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Argument recap: Court attempts to parse meaning of “except” clause

In oral argument on Monday in Abbott v. United States and Gould v. United States, the eight Justices (Justice Elena Kagan was recused) were presented with substantially different interpretations of Section 924(c)’s “except” clause.  [You can read Brooks Holland’s preview of the case here.]  The petitioners in the case offered two interpretations, both fairly broad:  petitioner Carlos Gould argued that any minimum sentence applicable to a defendant at sentencing could trigger the clause, while petitioner Kevin Abbott contended that the clause applies whenever there is a greater minimum sentence for any offense from the same transaction as the Section 924(c) offense.  The government, by contrast, offered a much narrower construction of the clause, arguing that the clause “is triggered by an offense which has a greater mandatory minimum and which has the same elements as and is the same offense as a Section 924(c) offense.”

Arguing on behalf of petitioner Carlos Gould, David Horan of Jones Day’s Dallas office emphasized that Congress’s purpose in enacting the “except” clause was to “ensure that a defendant who is convicted under 924(c)(1)(A) receives some sufficient minimum punishment.”  His interpretation of the “except” clause, Horan contended, was most consistent with Congress’s purpose and was also most consistent with the text of the clause.  The Court appeared less convinced than Horan that the text of the statute was clear, as evidenced by the fact that even the two petitioners did not share the same interpretation of the clause.  The Court also disputed Horan’s suggestion that his interpretation – unlike those advanced by Abbott and the government – did not require the Court to read anything into the statute:  Justice Alito contended (in a sentiment later echoed by Justice Sotomayor) that something has to be implied to fill in the gap left by the phrase “except to the extent that a greater minimum sentence is otherwise provided”; the question, in those Justices’ view, is just what that something should be.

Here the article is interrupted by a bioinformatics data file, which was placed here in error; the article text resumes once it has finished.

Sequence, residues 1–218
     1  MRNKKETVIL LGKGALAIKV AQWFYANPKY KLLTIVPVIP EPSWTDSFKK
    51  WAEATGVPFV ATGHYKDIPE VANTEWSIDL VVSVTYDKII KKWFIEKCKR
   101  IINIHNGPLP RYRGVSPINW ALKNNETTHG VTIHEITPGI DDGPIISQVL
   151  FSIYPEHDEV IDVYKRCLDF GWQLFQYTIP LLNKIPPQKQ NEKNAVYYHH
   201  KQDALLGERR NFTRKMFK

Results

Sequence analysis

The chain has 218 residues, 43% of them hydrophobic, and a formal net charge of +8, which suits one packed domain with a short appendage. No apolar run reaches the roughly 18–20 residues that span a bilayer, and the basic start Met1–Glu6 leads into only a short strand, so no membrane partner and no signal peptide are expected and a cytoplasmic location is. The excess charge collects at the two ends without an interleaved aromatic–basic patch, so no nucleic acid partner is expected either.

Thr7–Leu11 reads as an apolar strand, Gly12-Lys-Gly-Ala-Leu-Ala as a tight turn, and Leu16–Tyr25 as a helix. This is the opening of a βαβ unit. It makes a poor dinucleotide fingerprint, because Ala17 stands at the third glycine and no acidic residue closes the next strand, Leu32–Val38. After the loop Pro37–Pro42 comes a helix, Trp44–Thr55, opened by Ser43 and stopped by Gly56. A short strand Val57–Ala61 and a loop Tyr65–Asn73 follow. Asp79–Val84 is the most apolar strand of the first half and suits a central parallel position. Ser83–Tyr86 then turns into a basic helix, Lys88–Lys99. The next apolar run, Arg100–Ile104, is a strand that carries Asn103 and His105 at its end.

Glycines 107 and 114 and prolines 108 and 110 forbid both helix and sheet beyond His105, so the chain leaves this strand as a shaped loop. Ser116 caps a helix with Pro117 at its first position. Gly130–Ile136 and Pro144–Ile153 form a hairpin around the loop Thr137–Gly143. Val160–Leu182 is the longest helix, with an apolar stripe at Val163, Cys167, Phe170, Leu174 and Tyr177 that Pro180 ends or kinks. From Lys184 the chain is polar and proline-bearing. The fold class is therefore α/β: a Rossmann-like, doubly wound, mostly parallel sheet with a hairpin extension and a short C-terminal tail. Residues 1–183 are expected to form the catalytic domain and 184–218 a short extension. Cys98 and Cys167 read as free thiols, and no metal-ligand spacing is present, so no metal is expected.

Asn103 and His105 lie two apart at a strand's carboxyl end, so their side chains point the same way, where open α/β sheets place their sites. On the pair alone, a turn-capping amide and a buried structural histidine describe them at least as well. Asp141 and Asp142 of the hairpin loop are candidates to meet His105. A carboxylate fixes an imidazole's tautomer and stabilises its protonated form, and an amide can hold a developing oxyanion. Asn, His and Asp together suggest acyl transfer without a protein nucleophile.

Arguing on behalf of petitioner Kevin Abbott, James Ryan of the University of Virginia’s law school emphasized that the government’s construction of the statute would “leave[] one half of the except clause with absolutely no practical effect,” because it would apply only to one provision of law beyond Section 924(c):  18 U.S.C. § 3559(c).  When Ryan sought to press his affirmative case – that the “except” clause is limited to sentences for the same transaction – he drew questions regarding what would constitute a “transaction” for purposes of the clause.  Like Horan, Ryan also ran into resistance when he attempted to argue that the text of the statute is clear; at a minimum, he countered, the divergent interpretations demonstrate that the statute is so grievously ambiguous that the rule of lenity should apply.

Acting Deputy Solicitor General Roy McLeese argued on behalf of the federal government.  He was interrupted by Justice Sotomayor after just five words, but was soon able to make his affirmative case:  that the “except” clause was intended to clarify a complex statute, and it “operates internally to Section 924(c) to tell the district court judge . . . .:  You impose one mandatory minimum sentence for each 924(c) violation, whether aggravated or non-aggravated.”  The Chief Justice, who had been silent throughout the petitioners’ argument, was immediately skeptical:  in his view, because the statute was not particularly complicated, no “clarification” would have been necessary.  McLeese rejected any idea that the rule of lenity would come into play, countering that “there is no grievous ambiguity” in the statute.  Moreover, he emphasized, the interpretations advanced by Gould and Abbott would create anomalies that Congress could not have intended – for example, a defendant who committed a serious crime could receive a lighter sentence than a defendant who committed a less serious crime.

These cases are difficult to handicap.  Not only was Justice Kagan recused, but neither Justice Kennedy nor Justice Thomas asked any questions during the argument.  As noted above, the Chief Justice was silent during the petitioners’ portion of the argument but active during the government’s argument, which at least suggests that he might be more sympathetic to the petitioners’ position.  By contrast, Justices Alito and Ginsburg were both silent during the government’s argument but active during the petitioners’.  If the Court does indeed end up being divided, it may not be on ideological lines.